At its final meeting last spring, the VCU Board of Visitors voted on tuition increases for the 2013-14 academic year. The majority of the Board supported a 4.2 percent increase for returning students and an increase of 21 percent to 27 percent for new incoming students. Alex McMurtrie and I were the two Board members who publicly spoke out against the proposal and voted against it.
Our decision to resist the pressures to have unanimous Board support for the increases was not taken lightly. But we felt that the administration’s proposal, especially the massive increase for new incoming students, undermined VCU’s historic commitment to affordability and accessibility, will burden VCU students and their parents with an unacceptable debt load and was conveyed in a manner that downplayed and perhaps even disguised the extent of the increase.
Let me try to briefly explain each of these points.
Affordability and Accessibility
Throughout its history, VCU has been a university that has had a special responsibility in the commonwealth to providing an affordable, world-class education and economic opportunity to first generation college students and to groups who have been traditionally underserved. For example, the average parental income of VCU students has traditionally been far lower than that of students at the University of Virginia and the College of William and Mary. Given this situation, VCU has historically worked to maintain tuition at the lowest possible level while providing our students with educational opportunities that equal or exceed those of any institution in Virginia.
I believe decisions that have been made in the last few years to jack up tuition at rates exceeding 20 percent are effectively subverting the VCU’s traditional commitment to affordability and accessibility. As a Board member, I have become extremely concerned, for instance, that the percentage of African-American students in VCU’s freshman class has apparently dropped by about 30 percent in the last four years.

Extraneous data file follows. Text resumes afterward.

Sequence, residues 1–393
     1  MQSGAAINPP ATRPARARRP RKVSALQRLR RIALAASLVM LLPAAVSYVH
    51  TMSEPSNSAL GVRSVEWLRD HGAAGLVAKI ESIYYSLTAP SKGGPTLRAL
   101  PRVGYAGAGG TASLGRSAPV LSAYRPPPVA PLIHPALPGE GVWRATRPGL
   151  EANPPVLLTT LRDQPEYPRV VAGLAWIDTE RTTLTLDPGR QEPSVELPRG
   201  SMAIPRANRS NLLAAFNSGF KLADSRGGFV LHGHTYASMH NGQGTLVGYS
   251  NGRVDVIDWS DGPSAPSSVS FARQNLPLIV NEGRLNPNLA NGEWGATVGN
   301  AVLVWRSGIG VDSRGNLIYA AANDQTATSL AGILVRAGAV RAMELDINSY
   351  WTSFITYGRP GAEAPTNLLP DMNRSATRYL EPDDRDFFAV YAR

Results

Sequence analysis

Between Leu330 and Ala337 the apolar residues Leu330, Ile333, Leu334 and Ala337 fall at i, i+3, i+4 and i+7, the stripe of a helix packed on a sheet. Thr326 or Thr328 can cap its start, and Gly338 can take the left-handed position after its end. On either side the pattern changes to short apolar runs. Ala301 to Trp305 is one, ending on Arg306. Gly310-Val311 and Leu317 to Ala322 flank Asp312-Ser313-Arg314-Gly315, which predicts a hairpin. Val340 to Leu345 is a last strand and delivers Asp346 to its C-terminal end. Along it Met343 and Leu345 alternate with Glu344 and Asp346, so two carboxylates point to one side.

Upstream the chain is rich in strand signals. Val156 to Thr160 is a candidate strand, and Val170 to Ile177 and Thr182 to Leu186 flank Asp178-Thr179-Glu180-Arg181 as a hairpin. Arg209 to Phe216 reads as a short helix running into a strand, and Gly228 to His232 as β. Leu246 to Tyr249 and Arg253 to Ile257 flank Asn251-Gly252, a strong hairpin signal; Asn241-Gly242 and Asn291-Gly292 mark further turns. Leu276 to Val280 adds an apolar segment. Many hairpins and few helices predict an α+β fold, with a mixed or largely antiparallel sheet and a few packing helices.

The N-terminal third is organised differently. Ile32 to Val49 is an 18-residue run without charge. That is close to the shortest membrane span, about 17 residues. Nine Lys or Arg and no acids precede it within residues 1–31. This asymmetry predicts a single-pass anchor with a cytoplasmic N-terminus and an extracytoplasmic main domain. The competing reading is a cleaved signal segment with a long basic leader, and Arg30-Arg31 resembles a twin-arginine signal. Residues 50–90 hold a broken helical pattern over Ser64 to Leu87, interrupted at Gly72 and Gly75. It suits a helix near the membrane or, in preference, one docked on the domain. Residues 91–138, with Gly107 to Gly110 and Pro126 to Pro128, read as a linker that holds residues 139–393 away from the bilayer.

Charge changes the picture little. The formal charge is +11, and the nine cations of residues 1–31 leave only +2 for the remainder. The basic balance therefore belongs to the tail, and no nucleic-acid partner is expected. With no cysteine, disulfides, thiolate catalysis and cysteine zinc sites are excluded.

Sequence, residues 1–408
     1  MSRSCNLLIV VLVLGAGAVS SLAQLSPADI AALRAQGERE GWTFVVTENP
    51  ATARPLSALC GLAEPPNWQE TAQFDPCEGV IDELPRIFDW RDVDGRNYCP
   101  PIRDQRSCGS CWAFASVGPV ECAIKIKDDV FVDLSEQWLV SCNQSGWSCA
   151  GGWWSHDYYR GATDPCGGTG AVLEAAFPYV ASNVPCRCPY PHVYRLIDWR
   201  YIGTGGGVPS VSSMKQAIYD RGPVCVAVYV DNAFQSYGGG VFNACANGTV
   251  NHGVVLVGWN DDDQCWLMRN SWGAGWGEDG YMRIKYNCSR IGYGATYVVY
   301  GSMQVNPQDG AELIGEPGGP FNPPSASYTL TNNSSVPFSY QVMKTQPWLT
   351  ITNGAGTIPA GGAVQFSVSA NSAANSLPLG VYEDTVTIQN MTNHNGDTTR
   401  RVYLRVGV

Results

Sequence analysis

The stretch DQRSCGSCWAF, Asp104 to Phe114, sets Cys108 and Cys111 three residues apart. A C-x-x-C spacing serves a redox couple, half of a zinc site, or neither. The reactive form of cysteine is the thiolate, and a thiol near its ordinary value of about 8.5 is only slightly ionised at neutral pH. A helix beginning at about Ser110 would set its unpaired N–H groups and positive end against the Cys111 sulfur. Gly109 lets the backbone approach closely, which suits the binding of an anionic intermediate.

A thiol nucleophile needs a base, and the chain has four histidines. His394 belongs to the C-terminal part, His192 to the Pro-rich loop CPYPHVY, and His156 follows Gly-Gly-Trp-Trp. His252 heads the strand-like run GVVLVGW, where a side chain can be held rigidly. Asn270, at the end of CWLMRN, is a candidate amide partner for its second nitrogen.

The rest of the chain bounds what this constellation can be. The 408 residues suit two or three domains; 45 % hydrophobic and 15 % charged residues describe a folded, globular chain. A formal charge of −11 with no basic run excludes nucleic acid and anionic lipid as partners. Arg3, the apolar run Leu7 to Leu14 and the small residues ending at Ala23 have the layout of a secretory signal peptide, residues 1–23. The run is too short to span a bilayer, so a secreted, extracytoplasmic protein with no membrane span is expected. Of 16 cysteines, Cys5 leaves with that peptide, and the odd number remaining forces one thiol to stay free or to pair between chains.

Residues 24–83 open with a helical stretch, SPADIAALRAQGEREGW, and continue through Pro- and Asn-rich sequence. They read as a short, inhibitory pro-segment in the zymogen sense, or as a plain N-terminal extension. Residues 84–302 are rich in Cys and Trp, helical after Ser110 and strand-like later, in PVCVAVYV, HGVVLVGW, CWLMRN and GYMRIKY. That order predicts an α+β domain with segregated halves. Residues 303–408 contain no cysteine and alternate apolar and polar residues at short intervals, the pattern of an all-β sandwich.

Crushing Student Debt
In almost every study that I have seen, VCU students already carry an extraordinarily high debt load. According to the Project on Student Debt, VCU students currently have the second highest debt service of any public university in Virginia. More than 62 percent of our students graduate with debt and the average debt load now exceeds $27,000.
It doesn’t take a rocket scientist to understand the implications of the recent tuition increases for this debt load. Given the importance of a college education to economic opportunity, I doubt that many students will forego attending VCU. But what will happen, without a doubt, is student and parents are likely to increase the amount of debt that they assume by a considerable amount in order to obtain the advantages that VCU provides. The decision to raise tuition by 21 percent to 27 percent for incoming students is effectively a decision to saddle VCU students with the highest debt load of any public university in the commonwealth.
One of the reasons that Mr. McMurtrie and I were so vocal at the Board meeting in calling attention to the massive increase for incoming students is that it was originally portrayed as simply a change in pricing structure (moving to pay per-credit hour pricing) and not as a tuition hike.
Indeed, none of the original materials that I received called it an increase. In addition, I have been personally told by a number of people in the governor’s office that they were not informed an increase of this size was being contemplated.
Yet every independent, subsequent analysis of what occurred has reinforced the notion that new, incoming students who will be taking enough credits each semester (15-18 credit hours) to graduate in four years are facing a huge tuition hike. Last week, the House Appropriations Committee of the Virginia General Assembly issued a report on tuition and fees in the commonwealth clearly stating that VCU’s tuition increase for new students was a minimum of 21 percent.
My only regret in voting against the tuition hike was that Mr. McMurtrie and I were not able to convince the majority of the Board to see things our way. I am optimistic that by publicly airing our concerns, it will become increasingly difficult to continue making these massive increases in the future.
Robert Holsworth is a member of the VCU Board of Visitors and a former Dean of the School of Humanities and Sciences.